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Ericsson releases details of internal probe into suspected Isis bribes

Ericsson employees may have bribed Islamic State group members to get road transports through Iraq, the Swedish telecoms giant said.

Ericsson releases details of internal probe into suspected Isis bribes
File photo of Ericsson CEO Börje Ekholm. Photo: Jessica Gow/TT

“What we see is that people have paid for road transport through areas controlled by terrorist organisations, including Isis,” Börje Ekholm told Swedish financial daily Dagens Industri, about the extremist group that’s also often referred to as the Islamic State or IS.

“With the means we have, we haven’t been able to determine the final recipients of these payments,” he added.

Ericsson’s share price tumbled by seven percent in opening trading on the Stockholm stock exchange after the news.

Ekholm’s comments came hours after the company released a statement late Tuesday admitting “serious breaches of compliance rules and the company’s code of business ethics” regarding Ericsson employees, vendors and suppliers in Iraq between 2011 and 2019.

It said an internal investigation conducted in 2019 had revealed “evidence of corruption-related misconduct”.

It included “making a monetary donation without a clear beneficiary; paying a supplier for work without a defined scope and documentation; using suppliers to make cash payments; funding inappropriate travel and expenses; and improper use of sales agents and consultants”.

In addition, it found violations of Ericsson’s internal financial controls, conflicts of interest, non-compliance with tax laws and obstruction of the investigation.

Ericsson said payment schemes and cash transactions that “potentially created the risk of money laundering were also identified” but “the investigation could not identify that any Ericsson employee was directly involved in financing terrorist organisations”.

Several employees left the company as a result of the investigation, “and multiple other disciplinary and other remedial actions were taken”, Ericsson said in the statement.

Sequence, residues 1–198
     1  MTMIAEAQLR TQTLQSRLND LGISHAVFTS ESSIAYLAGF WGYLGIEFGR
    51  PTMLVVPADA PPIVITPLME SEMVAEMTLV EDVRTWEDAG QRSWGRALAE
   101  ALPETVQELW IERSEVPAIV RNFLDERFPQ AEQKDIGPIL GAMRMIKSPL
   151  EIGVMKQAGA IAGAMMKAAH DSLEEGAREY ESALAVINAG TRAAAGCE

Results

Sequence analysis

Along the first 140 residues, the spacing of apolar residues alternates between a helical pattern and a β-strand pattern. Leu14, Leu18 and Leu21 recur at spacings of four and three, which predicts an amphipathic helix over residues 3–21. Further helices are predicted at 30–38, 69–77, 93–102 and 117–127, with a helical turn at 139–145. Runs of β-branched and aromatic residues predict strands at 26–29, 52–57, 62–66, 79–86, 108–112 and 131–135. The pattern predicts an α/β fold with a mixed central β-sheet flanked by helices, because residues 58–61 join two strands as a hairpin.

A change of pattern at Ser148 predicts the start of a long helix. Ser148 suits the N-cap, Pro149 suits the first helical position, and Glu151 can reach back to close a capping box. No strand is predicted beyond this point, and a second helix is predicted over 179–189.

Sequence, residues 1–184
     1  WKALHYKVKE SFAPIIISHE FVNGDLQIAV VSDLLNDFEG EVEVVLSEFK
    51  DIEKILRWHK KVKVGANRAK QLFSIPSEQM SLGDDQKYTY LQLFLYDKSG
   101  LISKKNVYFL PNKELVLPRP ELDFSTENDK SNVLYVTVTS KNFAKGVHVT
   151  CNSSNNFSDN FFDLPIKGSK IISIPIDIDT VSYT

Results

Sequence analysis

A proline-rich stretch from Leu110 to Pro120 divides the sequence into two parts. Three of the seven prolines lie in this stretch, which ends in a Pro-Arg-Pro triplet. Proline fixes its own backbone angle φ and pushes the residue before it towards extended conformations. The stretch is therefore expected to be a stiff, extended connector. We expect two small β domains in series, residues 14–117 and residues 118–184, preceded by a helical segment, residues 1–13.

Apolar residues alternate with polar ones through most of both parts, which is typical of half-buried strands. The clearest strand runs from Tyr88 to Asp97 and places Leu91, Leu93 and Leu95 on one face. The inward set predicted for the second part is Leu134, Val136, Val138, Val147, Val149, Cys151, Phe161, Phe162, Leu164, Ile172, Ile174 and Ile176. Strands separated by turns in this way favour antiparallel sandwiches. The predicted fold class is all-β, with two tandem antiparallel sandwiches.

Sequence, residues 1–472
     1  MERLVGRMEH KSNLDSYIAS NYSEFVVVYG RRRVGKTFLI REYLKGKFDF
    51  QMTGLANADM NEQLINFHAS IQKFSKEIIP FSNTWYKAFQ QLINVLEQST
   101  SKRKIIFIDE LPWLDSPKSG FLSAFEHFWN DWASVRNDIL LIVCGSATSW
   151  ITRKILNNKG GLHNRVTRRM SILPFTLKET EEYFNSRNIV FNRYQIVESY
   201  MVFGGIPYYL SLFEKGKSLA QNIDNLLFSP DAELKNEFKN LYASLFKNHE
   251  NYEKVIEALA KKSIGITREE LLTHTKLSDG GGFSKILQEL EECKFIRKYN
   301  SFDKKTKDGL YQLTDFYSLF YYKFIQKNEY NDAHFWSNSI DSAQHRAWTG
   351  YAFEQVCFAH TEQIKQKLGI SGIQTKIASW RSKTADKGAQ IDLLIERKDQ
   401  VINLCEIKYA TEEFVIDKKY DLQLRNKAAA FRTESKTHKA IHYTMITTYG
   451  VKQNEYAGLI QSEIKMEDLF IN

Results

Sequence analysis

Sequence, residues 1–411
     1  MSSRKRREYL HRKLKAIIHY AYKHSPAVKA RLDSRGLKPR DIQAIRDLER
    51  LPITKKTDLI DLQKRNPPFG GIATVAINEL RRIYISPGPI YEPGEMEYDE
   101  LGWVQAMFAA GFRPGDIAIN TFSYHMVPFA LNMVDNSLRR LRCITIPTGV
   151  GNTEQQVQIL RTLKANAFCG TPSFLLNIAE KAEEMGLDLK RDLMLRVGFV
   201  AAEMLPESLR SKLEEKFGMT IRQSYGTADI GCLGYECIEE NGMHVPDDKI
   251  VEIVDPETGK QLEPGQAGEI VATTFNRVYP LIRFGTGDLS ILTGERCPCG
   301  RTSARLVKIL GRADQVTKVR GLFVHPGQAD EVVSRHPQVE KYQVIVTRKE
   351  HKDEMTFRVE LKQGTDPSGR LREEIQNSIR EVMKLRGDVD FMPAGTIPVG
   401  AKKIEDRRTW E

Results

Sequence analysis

Ekholm told Dagens Industri that Ericsson had shared the conclusions of its investigation with US authorities.

The company said it had chosen to disclose details of the now two-year-old investigation due to “detailed media inquiries from Swedish and international news outlets”.

Swedish public broadcaster SVT said its investigative news show Uppdrag Granskning had put questions to Ericsson, in collaboration with the International Consortium of Investigative Journalists (ICIJ).

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BUSINESS

Huawei loses Swedish appeal over 5G ban

A Swedish court on Wednesday rejected an appeal from China's Huawei over the government's decision to ban the network equipment giant from the rollout of 5G mobile network infrastructure in the Nordic country.

Huawei loses Swedish appeal over 5G ban

The administrative court of appeal in Stockholm said in a statement it believed it was fair to assume that the use of Huawei’s products in central functions of the 5G network “can cause harm to Sweden’s security.”

After the UK in the summer of 2020, Sweden became the second country in Europe and the first in the EU to explicitly ban Huawei from almost all of the network infrastructure needed to run its 5G mobile network.

Beijing warned at the time that the Swedish Post and Telecom Authority’s (PTS) decision could have “consequences” for the Scandinavian country’s companies in China, prompting Swedish telecom giant and Huawei competitor Ericsson to worry about retaliatory measures.

The PTS’ decision also included a provision that equipment already installed had to be removed by January 1, 2025, which the appeals court also confirmed.

“Sweden’s security is a particularly strong interest and the Swedish Post and Telecom Authority’s decision is based on a real, current and sufficiently serious threat to Sweden’s security,” judge Anita Linder said in a statement.

Huawei first appealed the decision to a lower court which also sided with the PTS in June 2021.

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